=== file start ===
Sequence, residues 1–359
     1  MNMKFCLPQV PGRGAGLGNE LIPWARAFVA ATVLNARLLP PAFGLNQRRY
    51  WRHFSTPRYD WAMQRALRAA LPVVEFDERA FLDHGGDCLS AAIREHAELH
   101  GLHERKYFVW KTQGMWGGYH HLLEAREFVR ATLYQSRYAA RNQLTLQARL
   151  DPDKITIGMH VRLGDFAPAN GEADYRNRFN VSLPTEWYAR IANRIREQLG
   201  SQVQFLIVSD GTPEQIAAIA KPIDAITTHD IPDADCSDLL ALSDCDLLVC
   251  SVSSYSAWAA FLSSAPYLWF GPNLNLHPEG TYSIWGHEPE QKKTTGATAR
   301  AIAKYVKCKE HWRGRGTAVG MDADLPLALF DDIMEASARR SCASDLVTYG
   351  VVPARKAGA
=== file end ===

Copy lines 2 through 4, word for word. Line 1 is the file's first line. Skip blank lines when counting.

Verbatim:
     1  MNMKFCLPQV PGRGAGLGNE LIPWARAFVA ATVLNARLLP PAFGLNQRRY
    51  WRHFSTPRYD WAMQRALRAA LPVVEFDERA FLDHGGDCLS AAIREHAELH
   101  GLHERKYFVW KTQGMWGGYH HLLEAREFVR ATLYQSRYAA RNQLTLQARL